He's mentally unsound, and is one of the few super-heroes who constantly fail, despite best intentions, but somehow tries, and tries, and tries to do right. He's a fantastically well rounded character (unlike most of the pantheon of DC heroes) and is ripe for cinematic potential.

  • NateMan

    I've got nothing against failing characters - and he is, after all, a character. But real or fictional, once you punch your wife, you tend to stop holding my interest.

  • I can understand dislike the character after such a thing, but stops holding your interest I don't understand... Perhaps if it was a glorified action, maybe... But it's a driving point of his failings, and part of his burden of guilt. It'll always be with him. Could you elaborate why this is your litmus for holding your interest?

  • NateMan

    For the same reason I don't want to read\watch about anyone who beats their wife, their kid, etc. Some things are beyond the pale for me. I'm good with watching Dexter carve bad people up into little pieces. I can even cheer for it. I can enjoy Red Arrow's character in the DC universe while he deals with alcoholism and drug abuse. I'm okay with lots of things. Spousal or child abuse aren't among them. I think I've known too many people it happened to in real life, for one. And when it's been treated, as much as it has, as part of his personality, I find it distasteful.

    If other people find him interesting, that's okay. I know it's not a big deal for some people. And I can tolerate his character where it isn't part of his background; for instance, in the Avengers cartoon I'm okay with him being included. But if we're talking about a movie about Hank Pym, or his inclusion in the Avenger's movies, I'd rather not watch them. I'm not going to protest them, or try to convince other people not to see them. I'll just pass them by.

  • Again, I can understand how it might not sit well with you, and might resonate in a way that you don't enjoy. That's fine. No point of contention there.

    But I don't understand calling it distasteful, especially after citing Roy Harper, who's child's death, and return to drugs was the one most contrived, gratuitous, and exploitative in the past 5 years of comics.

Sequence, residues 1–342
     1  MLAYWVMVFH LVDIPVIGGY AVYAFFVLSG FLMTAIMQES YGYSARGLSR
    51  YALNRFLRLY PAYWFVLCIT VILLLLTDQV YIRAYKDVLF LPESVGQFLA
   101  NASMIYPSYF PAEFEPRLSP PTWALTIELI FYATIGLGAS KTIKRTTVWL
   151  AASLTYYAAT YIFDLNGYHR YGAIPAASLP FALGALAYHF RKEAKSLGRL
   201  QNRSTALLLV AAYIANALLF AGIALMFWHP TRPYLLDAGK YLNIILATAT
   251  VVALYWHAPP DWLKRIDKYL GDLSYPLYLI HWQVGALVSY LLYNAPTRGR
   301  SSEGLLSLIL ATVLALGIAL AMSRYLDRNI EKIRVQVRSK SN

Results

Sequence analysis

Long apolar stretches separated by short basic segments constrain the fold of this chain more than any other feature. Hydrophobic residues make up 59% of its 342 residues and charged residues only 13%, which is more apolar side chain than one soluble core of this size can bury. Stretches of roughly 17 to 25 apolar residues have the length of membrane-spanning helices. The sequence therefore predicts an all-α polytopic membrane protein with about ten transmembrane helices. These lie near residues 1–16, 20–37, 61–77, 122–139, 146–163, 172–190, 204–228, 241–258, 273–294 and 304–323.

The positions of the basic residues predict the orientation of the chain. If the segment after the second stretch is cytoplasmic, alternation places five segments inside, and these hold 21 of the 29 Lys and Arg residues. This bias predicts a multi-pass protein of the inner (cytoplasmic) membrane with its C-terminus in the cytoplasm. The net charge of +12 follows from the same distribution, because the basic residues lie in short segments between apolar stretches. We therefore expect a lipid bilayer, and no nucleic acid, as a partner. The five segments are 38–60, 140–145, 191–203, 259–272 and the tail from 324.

• twig

    who's child's death, and return to drugs was the one most contrived,
    gratuitous, and exploitative in the past 5 years of comics.

    And horribly written. Dear god, horribly written.

  • space_oddity

    Is this Hank Pym as Ant-Man or the other guy? Cause the other guy (and I don't remember his name) had a comic series that sounds more like this movie - emphasis on the funny.

  • NateMan

    I wonder if they'll leave in the alcoholism and spousal abuse?

  • TK

    Wasn't that just in the Ultimate universe? Or am I forgetting, and it was in the regular canon as well?

  • twig

    It's regular canon, but also takes place amidst the wreckage of a massive Hank Pym mental episode. Actually, regular 616 continuity is kinder to his character than Ultimate-verse, IMO.

    He really is a hero with serious mental health issues who would do better not putting on a cape, but circumstances never pan out that way.

  • NateMan

    He slapped Wasp around in the original canon at least once. It wasn't anything as bad as the Ultimates storyline, but how many times do you get to hit your wife before you get labeled a dick, ya know?

  • mswas

    Gabriel Hardman tweeted this link to an Ant Man sketch that he did at SDCC on Friday: